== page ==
Serco New Zealand lost $10.5 million last year as the consequences of losing its Mt Eden Prison contract continued to bite.
Accounts filed with the Companies Office show the winding up of the contract that it lost in 2015 cost it a further $3.2m in 2016.
Serco's finances were also hit by lower revenues, higher staff costs and its first income tax bill in three years.
Revenue for the 12 months to the end of December fell 18 percent to $52.1m, while staff costs increased 9 percent to $43.8m.
It also had to pay $4.3m in income tax after receiving tax credits in 2015 and 2014.
An "onerous contract provision" of $3.2m was also provided for to account for the costs incurred in the concluding period of the Mt Eden contract.
A $30m loan from its British parent Serco Group, by way of two separate equity raisings during 2016, "strengthened" the company's finances, Serco New Zealand said in a statement.
This saw 30m new shares in Serco New Zealand being bought by Serco Group for $1 each.
Serco Group also guaranteed financial support for its New Zealand arm until at least the end of 2017.
Serco lost $10.9m in 2015 after it was penalised and stripped from its contract to run Mt Eden Correctional Facility. It lost $2.6m in 2014.
Three years of losses were worrying, Labour Corrections spokesperson Kelvin Davis said.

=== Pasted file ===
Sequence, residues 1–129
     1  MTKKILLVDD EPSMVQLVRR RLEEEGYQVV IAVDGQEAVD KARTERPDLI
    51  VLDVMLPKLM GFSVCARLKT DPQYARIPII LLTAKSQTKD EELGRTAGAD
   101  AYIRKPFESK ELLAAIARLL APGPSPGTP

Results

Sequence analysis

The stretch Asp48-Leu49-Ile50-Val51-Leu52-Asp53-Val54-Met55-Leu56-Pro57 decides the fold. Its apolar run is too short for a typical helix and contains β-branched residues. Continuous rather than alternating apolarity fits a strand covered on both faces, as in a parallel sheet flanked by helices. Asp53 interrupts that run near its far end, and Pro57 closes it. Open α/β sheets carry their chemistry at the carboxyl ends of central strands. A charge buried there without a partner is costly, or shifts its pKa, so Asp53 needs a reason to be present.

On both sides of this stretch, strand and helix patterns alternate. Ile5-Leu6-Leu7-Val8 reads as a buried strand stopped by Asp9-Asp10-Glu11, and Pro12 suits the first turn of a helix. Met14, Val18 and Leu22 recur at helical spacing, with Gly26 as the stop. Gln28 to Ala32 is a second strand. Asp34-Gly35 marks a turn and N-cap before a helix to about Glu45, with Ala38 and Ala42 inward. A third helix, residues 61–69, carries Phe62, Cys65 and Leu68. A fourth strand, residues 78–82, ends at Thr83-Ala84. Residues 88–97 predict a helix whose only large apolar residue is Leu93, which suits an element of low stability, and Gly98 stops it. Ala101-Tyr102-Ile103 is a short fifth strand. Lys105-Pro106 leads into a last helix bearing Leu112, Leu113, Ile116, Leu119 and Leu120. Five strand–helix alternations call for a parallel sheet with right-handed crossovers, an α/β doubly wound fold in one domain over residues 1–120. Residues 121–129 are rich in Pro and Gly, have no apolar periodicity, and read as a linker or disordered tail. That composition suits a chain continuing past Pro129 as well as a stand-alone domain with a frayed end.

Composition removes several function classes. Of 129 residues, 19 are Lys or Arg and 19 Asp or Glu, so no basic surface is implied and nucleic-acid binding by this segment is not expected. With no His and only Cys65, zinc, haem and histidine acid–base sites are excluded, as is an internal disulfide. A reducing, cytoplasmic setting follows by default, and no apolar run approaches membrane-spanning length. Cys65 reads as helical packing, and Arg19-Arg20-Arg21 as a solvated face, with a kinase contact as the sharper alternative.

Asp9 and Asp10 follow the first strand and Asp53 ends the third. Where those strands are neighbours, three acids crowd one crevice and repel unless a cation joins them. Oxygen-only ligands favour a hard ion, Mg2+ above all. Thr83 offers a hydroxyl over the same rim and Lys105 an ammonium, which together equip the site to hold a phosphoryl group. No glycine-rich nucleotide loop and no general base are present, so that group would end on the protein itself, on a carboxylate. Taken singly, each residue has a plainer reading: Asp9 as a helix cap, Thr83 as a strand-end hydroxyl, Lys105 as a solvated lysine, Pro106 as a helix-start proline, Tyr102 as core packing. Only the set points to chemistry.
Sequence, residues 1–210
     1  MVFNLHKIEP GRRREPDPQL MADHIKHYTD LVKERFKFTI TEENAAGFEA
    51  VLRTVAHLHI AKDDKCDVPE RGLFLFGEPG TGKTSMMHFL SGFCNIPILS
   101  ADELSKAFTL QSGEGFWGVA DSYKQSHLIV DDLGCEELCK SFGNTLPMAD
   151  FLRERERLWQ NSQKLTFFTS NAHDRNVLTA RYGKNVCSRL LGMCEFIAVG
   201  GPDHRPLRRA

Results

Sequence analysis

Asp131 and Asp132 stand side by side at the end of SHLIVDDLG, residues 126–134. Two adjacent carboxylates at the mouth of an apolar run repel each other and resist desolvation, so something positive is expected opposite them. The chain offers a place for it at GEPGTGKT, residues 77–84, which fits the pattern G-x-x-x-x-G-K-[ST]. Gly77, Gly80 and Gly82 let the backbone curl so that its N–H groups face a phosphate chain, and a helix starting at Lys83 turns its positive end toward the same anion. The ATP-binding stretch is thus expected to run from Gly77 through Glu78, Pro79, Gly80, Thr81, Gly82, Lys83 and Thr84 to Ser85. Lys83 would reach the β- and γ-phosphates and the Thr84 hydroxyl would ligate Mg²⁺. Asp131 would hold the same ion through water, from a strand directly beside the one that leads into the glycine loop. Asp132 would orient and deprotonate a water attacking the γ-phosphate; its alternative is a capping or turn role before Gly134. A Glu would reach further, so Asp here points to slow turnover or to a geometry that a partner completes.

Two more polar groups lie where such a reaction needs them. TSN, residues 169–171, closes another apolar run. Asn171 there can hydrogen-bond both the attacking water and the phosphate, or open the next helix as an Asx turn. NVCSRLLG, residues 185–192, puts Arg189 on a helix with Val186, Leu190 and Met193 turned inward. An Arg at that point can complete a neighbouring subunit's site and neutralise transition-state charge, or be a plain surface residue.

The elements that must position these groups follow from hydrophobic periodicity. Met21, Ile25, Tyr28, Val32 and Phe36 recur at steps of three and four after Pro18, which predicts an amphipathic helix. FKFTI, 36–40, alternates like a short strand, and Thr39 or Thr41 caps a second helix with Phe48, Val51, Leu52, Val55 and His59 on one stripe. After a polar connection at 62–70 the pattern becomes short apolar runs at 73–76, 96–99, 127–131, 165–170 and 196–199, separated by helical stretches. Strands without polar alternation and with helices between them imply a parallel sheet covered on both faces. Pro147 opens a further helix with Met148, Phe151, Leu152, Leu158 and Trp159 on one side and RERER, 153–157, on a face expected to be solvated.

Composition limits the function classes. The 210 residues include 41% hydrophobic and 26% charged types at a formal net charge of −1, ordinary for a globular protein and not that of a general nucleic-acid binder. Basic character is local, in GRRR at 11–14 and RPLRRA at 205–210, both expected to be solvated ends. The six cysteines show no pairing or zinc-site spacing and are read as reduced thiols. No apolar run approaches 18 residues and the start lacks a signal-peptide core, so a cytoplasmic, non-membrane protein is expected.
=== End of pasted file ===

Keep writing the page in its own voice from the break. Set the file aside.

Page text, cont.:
"It means they're probably going to cut costs and corners when it comes to running the prison ... I've concerns then for staff safety, I've concerns for prisoner safety and the safety of the community."
Serco New Zealand was two years into a 25-year contract to run the Kohuroa Auckland South Corrections Facility in Wiri, which was jointly owned by InfraRed Capital Partners, John Laing Investments and ACC.
Serco Asia Pacific chief executive Mark Irwin said Serco continued to support the government's goals to reduce reoffending and create better outcomes for Māori.
"Our focus across the prison is to achieve the outcomes that we are contracted to deliver on behalf of New Zealanders. Our contract sets clear performance standards, expects us to achieve significant savings for government and holds us accountable if we don't deliver. Our people are part of the communities we serve, and our aim is to make those communities safer, better places."
The prison officers' union says it will be seeking assurance from Serco no jobs will be lost, in light of the financial loss.
The president of the Corrections Association, Alan Whitley, said his concern now was that the company may look at recovering costs by laying off staff.